Tight Security Measures in Iranian Kurdistan, Raisi Pushes for Calm

Iranian President Ebrahim Raisi surrounded by guards in a market in the city of Sanandaj on Thursday (Iranian Presidency)
Iranian President Ebrahim Raisi surrounded by guards in a market in the city of Sanandaj on Thursday (Iranian Presidency)
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Tight Security Measures in Iranian Kurdistan, Raisi Pushes for Calm

Iranian President Ebrahim Raisi surrounded by guards in a market in the city of Sanandaj on Thursday (Iranian Presidency)
Iranian President Ebrahim Raisi surrounded by guards in a market in the city of Sanandaj on Thursday (Iranian Presidency)

As the twelfth week of Iranian protests approaches, President Ebrahim Raisi headed on Thursday to the capital of Kurdistan Province, Sanandaj, amid tight security measures in the city that has become the cradle of demonstrations in the west of Iran.

“During the recent riots, the enemies miscalculated in believing that they could cause chaos, insecurity, and riots,” said Raisi on the sidelines of his inauguration of a water supply project in Sanandaj.

“People are facing economic and social problems, but they know how to face the enemy with their solidarity,” added the president.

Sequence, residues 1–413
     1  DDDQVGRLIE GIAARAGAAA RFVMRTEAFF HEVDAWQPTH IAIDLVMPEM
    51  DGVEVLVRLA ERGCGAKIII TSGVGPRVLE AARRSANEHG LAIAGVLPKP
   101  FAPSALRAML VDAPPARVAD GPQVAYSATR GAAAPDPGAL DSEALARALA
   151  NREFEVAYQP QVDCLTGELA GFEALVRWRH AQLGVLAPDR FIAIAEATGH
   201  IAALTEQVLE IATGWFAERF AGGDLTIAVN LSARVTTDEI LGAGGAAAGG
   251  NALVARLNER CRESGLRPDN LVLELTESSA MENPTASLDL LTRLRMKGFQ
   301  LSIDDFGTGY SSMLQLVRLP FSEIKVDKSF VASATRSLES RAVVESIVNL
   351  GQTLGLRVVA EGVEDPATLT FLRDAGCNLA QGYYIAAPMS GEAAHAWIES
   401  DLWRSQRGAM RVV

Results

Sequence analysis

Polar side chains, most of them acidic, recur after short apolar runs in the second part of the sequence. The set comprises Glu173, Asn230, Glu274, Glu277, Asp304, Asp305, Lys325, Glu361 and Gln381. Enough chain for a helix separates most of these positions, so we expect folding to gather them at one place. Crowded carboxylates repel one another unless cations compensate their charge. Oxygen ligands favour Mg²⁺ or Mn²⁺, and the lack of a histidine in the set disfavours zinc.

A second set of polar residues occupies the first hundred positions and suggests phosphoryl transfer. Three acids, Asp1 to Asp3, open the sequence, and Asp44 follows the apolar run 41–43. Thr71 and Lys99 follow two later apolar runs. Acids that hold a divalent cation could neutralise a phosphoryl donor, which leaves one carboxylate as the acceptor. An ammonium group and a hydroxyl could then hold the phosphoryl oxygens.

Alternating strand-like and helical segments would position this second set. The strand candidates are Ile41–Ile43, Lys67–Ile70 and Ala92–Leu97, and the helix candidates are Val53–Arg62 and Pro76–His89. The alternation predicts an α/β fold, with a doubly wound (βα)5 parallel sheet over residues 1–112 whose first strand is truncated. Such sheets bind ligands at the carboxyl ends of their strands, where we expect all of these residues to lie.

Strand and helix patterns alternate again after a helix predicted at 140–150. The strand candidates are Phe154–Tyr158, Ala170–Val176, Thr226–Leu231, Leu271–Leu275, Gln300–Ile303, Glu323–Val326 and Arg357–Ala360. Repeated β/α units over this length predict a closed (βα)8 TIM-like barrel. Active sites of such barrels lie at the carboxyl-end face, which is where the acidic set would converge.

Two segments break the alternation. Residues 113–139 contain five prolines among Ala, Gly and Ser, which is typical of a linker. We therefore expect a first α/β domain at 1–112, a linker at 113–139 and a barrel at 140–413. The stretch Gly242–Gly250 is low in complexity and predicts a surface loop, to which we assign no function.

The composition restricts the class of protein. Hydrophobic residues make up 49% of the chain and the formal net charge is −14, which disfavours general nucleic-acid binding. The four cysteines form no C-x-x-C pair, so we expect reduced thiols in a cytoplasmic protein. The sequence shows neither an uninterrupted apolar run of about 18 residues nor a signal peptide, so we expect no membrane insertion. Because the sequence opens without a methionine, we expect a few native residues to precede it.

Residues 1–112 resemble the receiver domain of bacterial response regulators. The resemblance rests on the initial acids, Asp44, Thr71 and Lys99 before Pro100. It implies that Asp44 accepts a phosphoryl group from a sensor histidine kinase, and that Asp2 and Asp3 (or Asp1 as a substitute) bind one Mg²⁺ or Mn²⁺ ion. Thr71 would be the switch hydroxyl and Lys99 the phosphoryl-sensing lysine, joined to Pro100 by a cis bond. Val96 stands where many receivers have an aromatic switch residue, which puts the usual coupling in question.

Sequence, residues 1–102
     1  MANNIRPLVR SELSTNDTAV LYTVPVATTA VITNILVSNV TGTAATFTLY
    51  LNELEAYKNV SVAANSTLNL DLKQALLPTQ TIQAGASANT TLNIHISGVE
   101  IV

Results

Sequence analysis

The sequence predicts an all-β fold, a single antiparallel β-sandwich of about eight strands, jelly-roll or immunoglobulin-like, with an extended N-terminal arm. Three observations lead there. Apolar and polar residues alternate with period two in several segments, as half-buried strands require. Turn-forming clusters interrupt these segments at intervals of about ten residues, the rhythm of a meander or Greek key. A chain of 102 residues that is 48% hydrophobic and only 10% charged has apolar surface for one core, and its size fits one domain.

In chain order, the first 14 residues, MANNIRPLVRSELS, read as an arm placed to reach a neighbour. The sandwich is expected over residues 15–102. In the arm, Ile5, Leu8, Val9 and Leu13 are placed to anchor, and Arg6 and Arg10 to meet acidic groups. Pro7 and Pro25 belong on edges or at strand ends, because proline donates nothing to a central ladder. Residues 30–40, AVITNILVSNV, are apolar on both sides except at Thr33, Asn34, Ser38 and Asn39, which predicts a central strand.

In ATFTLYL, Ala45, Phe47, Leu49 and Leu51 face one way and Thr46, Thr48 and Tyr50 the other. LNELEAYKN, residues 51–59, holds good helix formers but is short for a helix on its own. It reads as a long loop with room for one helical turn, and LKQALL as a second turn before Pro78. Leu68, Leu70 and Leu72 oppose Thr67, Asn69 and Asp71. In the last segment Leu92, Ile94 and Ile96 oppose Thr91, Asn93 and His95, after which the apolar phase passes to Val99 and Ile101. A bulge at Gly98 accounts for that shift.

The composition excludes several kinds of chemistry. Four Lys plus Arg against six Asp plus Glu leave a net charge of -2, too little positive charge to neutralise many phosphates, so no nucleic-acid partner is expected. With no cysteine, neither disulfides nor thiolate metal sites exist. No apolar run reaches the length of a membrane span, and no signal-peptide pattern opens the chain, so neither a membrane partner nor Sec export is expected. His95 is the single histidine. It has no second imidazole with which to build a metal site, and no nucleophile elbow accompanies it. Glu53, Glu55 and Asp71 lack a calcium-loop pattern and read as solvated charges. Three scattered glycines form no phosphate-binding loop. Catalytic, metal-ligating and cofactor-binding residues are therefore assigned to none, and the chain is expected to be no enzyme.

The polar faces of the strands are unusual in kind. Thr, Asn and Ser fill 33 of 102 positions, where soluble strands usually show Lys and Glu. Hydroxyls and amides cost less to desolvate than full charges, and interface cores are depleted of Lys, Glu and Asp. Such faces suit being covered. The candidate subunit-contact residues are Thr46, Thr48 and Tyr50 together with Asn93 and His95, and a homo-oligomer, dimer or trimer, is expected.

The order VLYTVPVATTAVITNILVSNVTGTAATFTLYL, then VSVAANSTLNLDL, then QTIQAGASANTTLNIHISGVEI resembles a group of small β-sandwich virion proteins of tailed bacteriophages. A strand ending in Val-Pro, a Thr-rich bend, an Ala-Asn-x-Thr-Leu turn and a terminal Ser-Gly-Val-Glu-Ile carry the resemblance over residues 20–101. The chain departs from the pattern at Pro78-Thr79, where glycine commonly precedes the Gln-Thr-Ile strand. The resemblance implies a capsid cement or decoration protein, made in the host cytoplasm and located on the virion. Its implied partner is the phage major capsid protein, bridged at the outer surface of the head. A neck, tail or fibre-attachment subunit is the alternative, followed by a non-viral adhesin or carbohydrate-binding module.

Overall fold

Raisi pledged that Kurdistan province would be a “major” destination for his upcoming visits.

Since September 17, the region has been rocked by more than 100 deaths during authorities’ crackdown to quell the protests sparked by the death of a young Kurdish woman, Mahsa Amini, who died in police custody.

Rage over Amini’s death turned into a popular uprising by Iranians from all walks of life, posing one of the most daring challenges to the ruling establishment since the 1979 revolution.

At least 459 protesters have been killed so far by security forces during the unrest in Iran, including 64 minors, according to the activist HRANA news agency.

The agency said that it is closely monitoring human rights violations in Iran. At least 18,195 individuals have been arrested in 157 cities and 143 universities that were stormed by anti-regime protests.

Raisi did not mention sending reinforcements from the Revolutionary Guard ground forces to Kurdish areas, but he said: “In Kurdistan, we stood against the counter-revolutionary groups. They tried to find a foothold for themselves, but the people of Kurdistan thwarted their efforts.”

“The brutality and cruelty of those behind the riots reminds us of the behavior of (ISIS),” the state-run ISNA news agency quoted Raisi as telling the family of one of the security forces killed in the protests.



Drive to End Global Hunger Has Stalled, United Nations Warns

A goal to eliminate global hunger by 2030 looks increasingly impossible to achieve today -(Reuters)
A goal to eliminate global hunger by 2030 looks increasingly impossible to achieve today -(Reuters)
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Drive to End Global Hunger Has Stalled, United Nations Warns

A goal to eliminate global hunger by 2030 looks increasingly impossible to achieve today -(Reuters)